U.K. construction shrank for a third month in January as weak demand was compounded by a cold snap that brought snow across the country and created a drag on building projects, Markit Economics said.
An index of activity held at 48.7 from December, Markit and the Chartered Institute of Purchasing and Supply in London said in a statement today. That’s below the 49.2 reading that was the median estimate of 11 economists in a Bloomberg News survey. A reading below 50 indicates contraction.
The U.K. is at risk of a triple-dip recession after the economy shrank in the fourth quarter. Markit said while there were reports that snowfall had contributed to the construction weakness in January, the majority of respondents cited weak “underlying client demand and a lack of new projects.’
The survey results ‘‘are yet another indicator of the severe underlying fragility across the U.K. construction sector,’’ said Tim Moore, a senior economist at Markit. ‘‘Construction firms reported improved optimism about the business outlook, although much of this appeared to rest on hopes that the chorus of calls for greater public-sector investment spending starts to come to fruition.’’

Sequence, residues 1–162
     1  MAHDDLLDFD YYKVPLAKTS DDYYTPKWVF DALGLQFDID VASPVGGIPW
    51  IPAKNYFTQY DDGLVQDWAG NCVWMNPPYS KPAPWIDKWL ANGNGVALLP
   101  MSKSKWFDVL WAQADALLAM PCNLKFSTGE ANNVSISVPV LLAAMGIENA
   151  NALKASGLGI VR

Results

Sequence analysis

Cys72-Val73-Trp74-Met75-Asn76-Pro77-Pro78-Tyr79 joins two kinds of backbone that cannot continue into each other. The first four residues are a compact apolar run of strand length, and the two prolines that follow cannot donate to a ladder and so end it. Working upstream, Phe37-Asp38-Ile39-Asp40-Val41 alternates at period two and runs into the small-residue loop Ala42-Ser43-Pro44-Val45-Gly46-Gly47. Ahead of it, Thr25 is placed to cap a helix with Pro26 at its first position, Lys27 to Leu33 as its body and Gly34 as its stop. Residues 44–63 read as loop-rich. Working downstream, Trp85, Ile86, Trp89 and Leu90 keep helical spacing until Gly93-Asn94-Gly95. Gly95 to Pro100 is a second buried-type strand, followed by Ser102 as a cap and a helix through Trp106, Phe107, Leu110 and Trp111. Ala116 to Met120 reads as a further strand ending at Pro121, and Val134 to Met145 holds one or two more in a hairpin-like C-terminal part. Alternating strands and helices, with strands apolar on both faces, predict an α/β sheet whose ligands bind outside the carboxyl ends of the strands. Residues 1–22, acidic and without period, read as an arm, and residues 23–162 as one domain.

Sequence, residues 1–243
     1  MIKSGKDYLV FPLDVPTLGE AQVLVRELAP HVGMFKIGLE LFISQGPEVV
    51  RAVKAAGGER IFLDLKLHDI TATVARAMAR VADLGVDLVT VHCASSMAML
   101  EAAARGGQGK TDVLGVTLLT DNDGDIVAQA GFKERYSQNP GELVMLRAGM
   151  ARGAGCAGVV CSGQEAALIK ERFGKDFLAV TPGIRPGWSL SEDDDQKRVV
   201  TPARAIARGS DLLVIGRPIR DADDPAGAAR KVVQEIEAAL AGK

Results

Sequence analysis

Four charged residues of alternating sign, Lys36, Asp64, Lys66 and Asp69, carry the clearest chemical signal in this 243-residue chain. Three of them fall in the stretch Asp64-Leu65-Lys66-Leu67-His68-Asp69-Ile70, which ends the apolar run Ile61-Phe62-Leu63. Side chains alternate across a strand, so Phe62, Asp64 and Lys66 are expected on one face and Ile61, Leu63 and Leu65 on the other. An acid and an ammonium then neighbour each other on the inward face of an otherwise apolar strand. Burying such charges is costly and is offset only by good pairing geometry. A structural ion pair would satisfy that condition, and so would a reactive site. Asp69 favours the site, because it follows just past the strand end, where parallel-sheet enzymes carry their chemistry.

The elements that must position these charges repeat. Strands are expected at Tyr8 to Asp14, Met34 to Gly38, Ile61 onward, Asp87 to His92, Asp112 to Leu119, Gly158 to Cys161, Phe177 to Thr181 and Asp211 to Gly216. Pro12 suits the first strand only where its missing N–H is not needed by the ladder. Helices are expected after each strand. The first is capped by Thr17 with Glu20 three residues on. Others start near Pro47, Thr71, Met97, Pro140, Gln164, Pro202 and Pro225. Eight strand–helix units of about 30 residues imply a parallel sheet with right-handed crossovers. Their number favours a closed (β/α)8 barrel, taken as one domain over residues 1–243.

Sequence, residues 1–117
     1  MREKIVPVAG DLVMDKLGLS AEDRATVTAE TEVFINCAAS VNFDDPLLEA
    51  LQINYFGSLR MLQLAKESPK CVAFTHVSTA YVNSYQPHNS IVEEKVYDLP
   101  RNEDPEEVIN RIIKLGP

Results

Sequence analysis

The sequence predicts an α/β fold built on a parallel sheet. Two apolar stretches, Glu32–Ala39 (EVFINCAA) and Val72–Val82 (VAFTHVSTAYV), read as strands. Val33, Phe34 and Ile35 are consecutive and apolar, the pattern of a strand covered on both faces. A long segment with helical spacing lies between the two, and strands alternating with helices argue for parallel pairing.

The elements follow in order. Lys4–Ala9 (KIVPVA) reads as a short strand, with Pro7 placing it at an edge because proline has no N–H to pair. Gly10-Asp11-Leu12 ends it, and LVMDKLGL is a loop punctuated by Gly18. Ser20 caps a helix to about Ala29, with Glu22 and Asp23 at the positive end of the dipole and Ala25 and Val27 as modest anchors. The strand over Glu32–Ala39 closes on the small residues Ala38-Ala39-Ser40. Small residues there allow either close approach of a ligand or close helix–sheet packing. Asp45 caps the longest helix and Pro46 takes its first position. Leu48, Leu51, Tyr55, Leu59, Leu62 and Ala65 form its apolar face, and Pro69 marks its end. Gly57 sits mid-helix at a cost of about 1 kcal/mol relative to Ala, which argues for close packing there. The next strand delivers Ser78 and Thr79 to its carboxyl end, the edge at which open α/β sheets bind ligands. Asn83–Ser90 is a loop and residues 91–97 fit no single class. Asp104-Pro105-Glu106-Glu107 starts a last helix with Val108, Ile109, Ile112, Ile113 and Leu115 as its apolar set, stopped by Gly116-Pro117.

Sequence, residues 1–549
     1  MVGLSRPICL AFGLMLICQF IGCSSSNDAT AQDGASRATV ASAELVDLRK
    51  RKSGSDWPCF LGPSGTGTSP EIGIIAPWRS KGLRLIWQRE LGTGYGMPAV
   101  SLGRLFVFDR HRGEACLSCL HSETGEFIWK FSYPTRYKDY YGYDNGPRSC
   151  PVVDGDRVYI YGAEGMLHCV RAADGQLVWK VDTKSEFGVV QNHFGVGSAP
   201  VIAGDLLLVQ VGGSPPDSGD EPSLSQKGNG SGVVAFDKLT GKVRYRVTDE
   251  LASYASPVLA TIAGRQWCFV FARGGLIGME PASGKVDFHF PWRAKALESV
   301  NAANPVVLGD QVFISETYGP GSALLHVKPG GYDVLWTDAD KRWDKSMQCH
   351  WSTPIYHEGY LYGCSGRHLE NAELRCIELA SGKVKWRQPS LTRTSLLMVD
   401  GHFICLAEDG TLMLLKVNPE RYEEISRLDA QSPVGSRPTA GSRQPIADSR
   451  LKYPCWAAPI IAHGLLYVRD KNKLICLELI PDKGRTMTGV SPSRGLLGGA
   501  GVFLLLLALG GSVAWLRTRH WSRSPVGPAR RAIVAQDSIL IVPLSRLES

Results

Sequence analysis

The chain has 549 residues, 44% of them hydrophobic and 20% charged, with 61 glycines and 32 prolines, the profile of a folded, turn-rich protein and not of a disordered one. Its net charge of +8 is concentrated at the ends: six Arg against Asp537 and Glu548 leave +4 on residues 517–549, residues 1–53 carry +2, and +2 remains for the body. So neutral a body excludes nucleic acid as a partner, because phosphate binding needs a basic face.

Housing volumes dropped at the slowest pace for three months, and civil engineering projects declined for the first time since August, according to the report. Commercial activity was unchanged.
New business fell for an eighth month, the longest period of decline since 2008-2009, according to the report. Still, respondents’ confidence improved, and employment rose for the first time in four months.
London-based Barratt Developments Plc, the U.K.’s largest homebuilder by volume, on Jan. 16 predicted a ‘‘significant” increase in profitability this year as prices rise and the BOE’s Funding for Lending Scheme helps the mortgage market.
A Markit report on Feb. 1 showed that U.K. manufacturing expanded in January as domestic orders rose. The research group will probably say in a report tomorrow that services shrank at a slower pace in January, according to the median estimate in a survey of economists.